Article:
Bright Eyes at the Egyptian Room, Aug. 4 (Slideshow)
Bright Eyes, in performance Aug. 4 at the Egyptian Room at Old National Centre.
Bright Eyes, The Mountain Goats
Aug. 5, Egyptian Room at Old National Centre
Conor Oberst is a bit of a ham.
Not in a bad way, necessarily. We already knew the Bright Eyes singer for his quivering, emotive voice, perched just on the edge of a breakdown in much the same way as Italian opera singers of the early 20th century sounded like they were perennially on the cusp of tears. So that's hammy enough, though his voice doesn't sound quite as precious or calculated at a live show, when that vibrato isn't right in one's headphones.
But there's more in the way of melodrama: at the first-ever Indianapolis performance by Bright Eyes (at least according to Oberst), we learned that Oberst likes to act out some of his lyrics, covering his eyes and cinching his fingers to match the lyric "The crowd was small and mostly blind" from "Approximated Sunlight," for instance, along with other charades-style gestures.
And he closed Thursday night's two-and-a-half hour concert at the Egyptian Room by introducing each member of the seven-piece band to a funk soundtrack, and delivering a short sermon along the lines of "Fuck the government and love each other" to the modest but enthusiastic crowd.
It might have been an overlong show for the unconverted, but one figures that there was a satisfying mix of sing-a-long favorites and new stuff for those already loyal to Oberst and his nearly two-decade old recording project, which started as a one-man show before expanding a few years back into a full-on band.
The seven-piece group included two drummers, which may have been one too many — there wasn't much in the way of polyrhythms, and things got a little muddy when both played at full volume at the same time. The band's two permanent members were there — Nate Walcott, whose better-than-average work on trumpet and fluegelhorn drew some surprisingly big cheers, and guitarist and long-time producer Mike Mogis — along with Laura Burhenn (Mynabirds), who turned in pretty good vocals on a cover of Gillian Welch's "Wrecking Ball," handled as a duet by her and Oberst.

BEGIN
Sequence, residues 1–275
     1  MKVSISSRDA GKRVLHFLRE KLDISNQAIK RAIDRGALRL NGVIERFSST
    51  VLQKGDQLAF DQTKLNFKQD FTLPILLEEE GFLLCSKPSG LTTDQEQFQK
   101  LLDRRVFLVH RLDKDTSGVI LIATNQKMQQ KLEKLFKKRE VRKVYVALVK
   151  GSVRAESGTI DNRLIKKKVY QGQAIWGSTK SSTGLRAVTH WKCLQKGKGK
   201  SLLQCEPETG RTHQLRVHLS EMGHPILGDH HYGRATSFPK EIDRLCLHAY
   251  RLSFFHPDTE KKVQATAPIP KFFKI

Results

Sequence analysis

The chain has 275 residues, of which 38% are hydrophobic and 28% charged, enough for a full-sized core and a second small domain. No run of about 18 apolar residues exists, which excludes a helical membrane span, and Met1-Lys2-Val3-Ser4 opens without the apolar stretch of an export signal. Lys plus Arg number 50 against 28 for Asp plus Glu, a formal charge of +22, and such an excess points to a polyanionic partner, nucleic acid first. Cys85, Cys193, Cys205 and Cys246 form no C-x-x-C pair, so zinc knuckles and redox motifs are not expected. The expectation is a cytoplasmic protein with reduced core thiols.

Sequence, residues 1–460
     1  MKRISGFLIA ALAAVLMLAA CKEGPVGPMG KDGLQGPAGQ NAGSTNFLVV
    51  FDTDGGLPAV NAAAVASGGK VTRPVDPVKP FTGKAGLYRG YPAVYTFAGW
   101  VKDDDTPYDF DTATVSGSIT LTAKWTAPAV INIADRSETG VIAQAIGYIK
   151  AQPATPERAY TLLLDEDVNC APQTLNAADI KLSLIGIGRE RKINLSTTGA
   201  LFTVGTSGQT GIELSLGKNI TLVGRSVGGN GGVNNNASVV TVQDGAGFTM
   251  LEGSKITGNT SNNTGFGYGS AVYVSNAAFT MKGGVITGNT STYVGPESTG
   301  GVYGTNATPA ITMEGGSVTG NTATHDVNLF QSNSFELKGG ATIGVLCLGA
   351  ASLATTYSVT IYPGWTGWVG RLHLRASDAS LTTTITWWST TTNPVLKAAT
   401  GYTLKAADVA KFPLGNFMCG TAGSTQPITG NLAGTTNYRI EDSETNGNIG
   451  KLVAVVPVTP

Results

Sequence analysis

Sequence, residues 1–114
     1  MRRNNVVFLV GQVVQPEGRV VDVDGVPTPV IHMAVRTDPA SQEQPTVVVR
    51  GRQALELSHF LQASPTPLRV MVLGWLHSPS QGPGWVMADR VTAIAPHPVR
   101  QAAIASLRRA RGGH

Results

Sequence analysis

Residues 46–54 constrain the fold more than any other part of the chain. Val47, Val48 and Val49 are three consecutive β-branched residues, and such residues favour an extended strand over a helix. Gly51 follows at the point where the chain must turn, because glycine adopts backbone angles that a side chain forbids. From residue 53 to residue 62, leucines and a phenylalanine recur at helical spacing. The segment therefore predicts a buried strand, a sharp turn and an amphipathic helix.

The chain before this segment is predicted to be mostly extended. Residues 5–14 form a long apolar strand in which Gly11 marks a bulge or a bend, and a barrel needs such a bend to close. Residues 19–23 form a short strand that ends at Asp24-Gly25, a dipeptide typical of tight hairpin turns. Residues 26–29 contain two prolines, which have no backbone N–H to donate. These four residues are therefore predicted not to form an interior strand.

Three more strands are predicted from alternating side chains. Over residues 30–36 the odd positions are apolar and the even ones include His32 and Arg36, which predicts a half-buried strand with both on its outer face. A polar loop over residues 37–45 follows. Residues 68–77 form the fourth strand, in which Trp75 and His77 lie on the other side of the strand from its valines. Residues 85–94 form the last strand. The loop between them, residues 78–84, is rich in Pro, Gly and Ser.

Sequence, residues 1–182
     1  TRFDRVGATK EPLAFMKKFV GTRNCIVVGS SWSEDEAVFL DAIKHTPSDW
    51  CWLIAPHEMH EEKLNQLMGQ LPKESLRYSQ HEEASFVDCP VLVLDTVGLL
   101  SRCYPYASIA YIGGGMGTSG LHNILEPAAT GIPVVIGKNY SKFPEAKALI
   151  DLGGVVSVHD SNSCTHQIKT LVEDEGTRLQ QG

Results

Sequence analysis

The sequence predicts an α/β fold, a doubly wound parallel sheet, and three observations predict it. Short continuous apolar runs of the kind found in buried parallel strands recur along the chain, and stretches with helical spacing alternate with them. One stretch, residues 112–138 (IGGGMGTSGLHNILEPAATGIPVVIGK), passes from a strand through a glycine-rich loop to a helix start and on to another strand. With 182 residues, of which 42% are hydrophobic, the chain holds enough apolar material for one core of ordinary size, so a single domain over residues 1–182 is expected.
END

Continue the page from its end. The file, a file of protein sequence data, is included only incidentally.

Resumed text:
An acoustic guitar and fluegelhorn treatment of "Lua" was one of the show's highlights; coming after nearly two hours of full-band work, it was refreshing to hear Oberst in a stripped-down setting, the arrangement's simplicity matching the song's content and lyrics ("Cause what's so simple in the moonlight, in the morning never is," goes the chorus).
Oberst has written his share of list songs about the decline of America and, I guess, the world, at this point, many of which made their way to the latest Bright Eyes record, The People's Key — from that album, "Haile Selassie" and "Shell Games" both earned inspired readings Wednesday night.
But it's work like "Lua" and "Bowl of Oranges" (about seeing the world anew, as if in a dream but not) that seems the most emotionally affecting in the end, chronicling a particular post-adolescent mixed-up period when one's dream world and real life are nigh indistinguishable, and the world doesn't seem to extend beyond one's own struggles and circle of friends.
John Darnielle, whose band The Mountain Goats opened the show, shares some similarities with Oberst: both have singing voices that ooze neuroticism; one often finds bloody sci-fi or horror touches in their work; both started out as low-fi singer-songwriters before expanding their projects into a full band.
Darnielle, though, seems to have gone through more shit than Oberst. His work chronicles, in hyper-realistic detail, child abuse at the hands of a father-as-lion, drug abuse and its attendant squalor, divorce and its attendant humiliation. Darnielle piles on the details when he tells these stories, placing his narratives in a specific place and time, bringing the listener back to the scene of the crime.
His band performed as a tight trio Wednesday night, knocking out material from across the past decade with a minimum of fuss, Darnielle getting in and out of his ultimately folk-rock numbers with a punk intensity and economy.